The services of worship we use are very few: Eucharist, Morning & Evening Prayer, Compline, Marriage, Burial, Ordination. These are ancient rites whose forms have stood the test of sanctity over long expanses of time because of the meaning they convey. Their meanings are only experienced by those who participate in them and are present to receive. By being ‘present’ I mean being present and spiritually open to a message.
Sunday we will join together in a service of Advent Lessons and Carols. This is not one of the ancient forms of Christian worship as are the others that we use. By comparison it is very new.
Around 1880 choirs in England began to abandon the practice of trooping around to homes of parishioners to sing carols for them. Rather, they consolidated a carol sing into the church where everyone attended. Shortly after the ‘carol sings’ began, lessons started to be added to tell the story of Christmas as the ‘carol sing’ progressed.
At Christmas 1918 the West was reeling from the spiritual and physical disasters of the World War that had ended on November 11th. The Dean of King’s College, Cambridge, a former navy chaplain, fearful that war had hardened the hearts of people against religion, instituted the Christmas service of Lessons and Carols at King’s College.
As a musician you would think that I would find the music the most powerful form that speaks to me. It isn’t. The most humble and beautiful thing about the Lessons and Carols service to me is the bidding prayer. Depending on whether it is an Advent or Christmas service, the language of the prayer will change slightly. In a very few words, though, it contains almost the sum and substance of the teachings of Christianity. It comes at the very beginning of the service, and can easily be missed as perfunctory and mistakenly viewed as a ‘curtain speech’ for all of the music and artistic complexity that follows. To me at least, it is to a Lessons and Carols service what a foundation is to magnificent Cathedral. All the meaning of the carols and the cause for all the artistry that follows is contained in that tiny prayer.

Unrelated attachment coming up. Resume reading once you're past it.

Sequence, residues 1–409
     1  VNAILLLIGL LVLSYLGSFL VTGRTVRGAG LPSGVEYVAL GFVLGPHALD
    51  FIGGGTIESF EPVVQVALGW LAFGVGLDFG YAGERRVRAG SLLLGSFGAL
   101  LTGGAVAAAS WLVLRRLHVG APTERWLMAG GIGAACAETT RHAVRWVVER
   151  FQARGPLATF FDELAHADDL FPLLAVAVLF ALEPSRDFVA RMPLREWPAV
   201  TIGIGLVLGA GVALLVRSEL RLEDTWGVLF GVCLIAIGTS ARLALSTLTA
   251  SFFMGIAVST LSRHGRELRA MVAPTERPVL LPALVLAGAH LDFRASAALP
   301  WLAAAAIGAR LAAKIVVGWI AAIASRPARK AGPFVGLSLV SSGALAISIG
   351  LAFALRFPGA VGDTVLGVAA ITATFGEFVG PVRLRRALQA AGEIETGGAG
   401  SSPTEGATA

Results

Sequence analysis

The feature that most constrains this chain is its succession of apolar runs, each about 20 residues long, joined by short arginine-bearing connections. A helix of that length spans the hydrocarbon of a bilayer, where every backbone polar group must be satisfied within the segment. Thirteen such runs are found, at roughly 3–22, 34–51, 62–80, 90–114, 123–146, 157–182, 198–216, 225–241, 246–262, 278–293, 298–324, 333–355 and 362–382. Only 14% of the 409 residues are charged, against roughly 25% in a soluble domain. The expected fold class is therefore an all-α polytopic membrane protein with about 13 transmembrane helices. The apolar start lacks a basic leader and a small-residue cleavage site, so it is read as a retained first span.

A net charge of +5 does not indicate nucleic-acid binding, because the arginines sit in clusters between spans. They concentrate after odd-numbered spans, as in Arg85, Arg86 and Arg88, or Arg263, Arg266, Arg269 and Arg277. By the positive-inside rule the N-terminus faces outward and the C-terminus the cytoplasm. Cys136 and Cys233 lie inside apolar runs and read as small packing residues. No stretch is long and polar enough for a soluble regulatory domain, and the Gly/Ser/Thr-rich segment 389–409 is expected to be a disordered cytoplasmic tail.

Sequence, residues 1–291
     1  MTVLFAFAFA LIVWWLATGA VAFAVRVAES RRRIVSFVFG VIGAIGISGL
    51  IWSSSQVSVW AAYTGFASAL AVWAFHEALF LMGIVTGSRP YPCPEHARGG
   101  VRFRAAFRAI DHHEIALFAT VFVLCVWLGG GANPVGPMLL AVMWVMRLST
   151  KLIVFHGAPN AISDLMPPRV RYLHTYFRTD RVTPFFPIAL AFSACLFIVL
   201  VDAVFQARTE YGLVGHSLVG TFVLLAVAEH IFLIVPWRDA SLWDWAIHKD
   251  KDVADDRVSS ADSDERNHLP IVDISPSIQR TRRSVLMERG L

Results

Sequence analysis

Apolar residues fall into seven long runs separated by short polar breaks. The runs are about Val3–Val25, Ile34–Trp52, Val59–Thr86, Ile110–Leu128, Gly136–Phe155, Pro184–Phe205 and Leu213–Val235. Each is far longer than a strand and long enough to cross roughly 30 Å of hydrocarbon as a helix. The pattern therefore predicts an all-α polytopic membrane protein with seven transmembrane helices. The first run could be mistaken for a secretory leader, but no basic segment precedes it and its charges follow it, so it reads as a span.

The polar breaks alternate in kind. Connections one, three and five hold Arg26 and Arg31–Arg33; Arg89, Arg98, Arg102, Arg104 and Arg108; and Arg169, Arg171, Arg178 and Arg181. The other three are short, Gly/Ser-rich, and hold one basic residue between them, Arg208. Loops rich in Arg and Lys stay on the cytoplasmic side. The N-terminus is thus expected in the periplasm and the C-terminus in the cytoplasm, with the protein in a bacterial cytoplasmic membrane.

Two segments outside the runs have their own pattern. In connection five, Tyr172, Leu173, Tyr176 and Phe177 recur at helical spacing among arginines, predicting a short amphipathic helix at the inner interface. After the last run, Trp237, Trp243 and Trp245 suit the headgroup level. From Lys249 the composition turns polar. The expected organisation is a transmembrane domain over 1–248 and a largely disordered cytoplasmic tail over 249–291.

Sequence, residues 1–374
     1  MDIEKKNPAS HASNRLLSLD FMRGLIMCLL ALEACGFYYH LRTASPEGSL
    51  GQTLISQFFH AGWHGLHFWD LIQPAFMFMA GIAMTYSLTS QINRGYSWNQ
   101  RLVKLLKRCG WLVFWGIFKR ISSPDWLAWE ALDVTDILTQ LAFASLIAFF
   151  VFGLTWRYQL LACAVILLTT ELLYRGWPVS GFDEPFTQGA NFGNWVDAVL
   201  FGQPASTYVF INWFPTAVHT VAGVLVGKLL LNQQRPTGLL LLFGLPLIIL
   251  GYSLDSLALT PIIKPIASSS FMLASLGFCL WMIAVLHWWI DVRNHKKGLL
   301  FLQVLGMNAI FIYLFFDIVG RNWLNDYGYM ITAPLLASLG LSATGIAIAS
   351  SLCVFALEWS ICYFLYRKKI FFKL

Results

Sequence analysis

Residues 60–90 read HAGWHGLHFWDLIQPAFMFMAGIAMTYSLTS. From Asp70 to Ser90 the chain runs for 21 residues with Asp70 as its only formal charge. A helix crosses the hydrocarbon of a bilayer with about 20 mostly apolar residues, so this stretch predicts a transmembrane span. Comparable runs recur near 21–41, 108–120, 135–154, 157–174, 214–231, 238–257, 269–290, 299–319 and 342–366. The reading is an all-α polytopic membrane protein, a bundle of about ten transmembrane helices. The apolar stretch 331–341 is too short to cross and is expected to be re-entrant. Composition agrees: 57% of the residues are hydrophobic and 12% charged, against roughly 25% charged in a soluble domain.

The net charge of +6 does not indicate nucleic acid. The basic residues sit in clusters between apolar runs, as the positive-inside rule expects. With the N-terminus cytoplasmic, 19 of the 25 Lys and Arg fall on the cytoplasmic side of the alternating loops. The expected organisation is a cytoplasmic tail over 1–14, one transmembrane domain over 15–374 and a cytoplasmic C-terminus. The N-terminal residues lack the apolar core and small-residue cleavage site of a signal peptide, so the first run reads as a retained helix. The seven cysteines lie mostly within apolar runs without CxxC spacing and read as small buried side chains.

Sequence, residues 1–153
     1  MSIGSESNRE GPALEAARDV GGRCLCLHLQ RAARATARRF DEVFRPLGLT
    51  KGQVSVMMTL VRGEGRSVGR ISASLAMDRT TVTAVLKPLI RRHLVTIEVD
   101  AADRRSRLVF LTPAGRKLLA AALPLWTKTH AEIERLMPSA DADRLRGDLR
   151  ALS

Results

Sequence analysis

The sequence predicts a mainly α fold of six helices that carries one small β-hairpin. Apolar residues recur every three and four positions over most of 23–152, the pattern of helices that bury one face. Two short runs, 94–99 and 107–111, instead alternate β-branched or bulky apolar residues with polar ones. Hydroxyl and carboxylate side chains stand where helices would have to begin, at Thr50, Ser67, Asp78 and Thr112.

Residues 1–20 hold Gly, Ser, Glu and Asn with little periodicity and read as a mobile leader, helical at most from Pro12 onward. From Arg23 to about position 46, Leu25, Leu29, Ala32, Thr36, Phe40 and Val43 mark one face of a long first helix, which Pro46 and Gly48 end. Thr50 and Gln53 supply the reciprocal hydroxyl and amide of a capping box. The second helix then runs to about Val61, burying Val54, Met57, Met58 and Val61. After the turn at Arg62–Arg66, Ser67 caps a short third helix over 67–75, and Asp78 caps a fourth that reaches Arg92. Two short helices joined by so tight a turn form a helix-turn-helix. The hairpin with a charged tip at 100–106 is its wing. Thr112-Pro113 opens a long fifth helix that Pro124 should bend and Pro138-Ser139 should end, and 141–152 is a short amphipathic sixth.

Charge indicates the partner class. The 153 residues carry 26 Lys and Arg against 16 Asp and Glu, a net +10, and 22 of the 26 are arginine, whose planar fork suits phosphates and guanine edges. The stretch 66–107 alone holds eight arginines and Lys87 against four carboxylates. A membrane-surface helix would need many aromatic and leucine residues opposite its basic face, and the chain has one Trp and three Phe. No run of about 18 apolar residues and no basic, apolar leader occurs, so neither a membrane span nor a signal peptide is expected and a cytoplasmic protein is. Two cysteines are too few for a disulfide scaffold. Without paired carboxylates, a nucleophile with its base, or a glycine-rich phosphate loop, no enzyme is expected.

Sunday we will join in an Advent service (vs Christmas). An adaptation of the 1918 service, Advent Lessons and Carols focuses on the themes of Advent: the fear and hope of a Church looking toward Christ’s returning as Judge to restore peace and the message of comfort and remembrance that a Holy Infant has come into the world, one who needs our love and care.
The form of a Lessons and Carols service, whether Christmas or Advent, despite that it is only about 140 years old, has been powerfully received by the English-speaking Church. It at once conveys the teachings of the church with the art of music and the beauty of Christianity more powerfully than music or teaching could convey independently of each other.
Regrettably, this year the congregation will not be able to sing. Rather music will be offered by vocalists and instrumentalists for your contemplation and on your behalf. Our hope is that this music brings us all comfort and (to quote the Bidding Prayer from King’s College) helps that we all…
‘remember in his name, the poor and the helpless, the cold, the hungry and oppressed; the sick in body and in mind and them that mourn; the lonely and the unloved, the aged and the little children, and all who know not the loving-kindness of God’
and that on Christmas it helps that it is…
‘our care and delight…to go even unto Bethlehem and see this thing that has come to pass….’
In All Peace,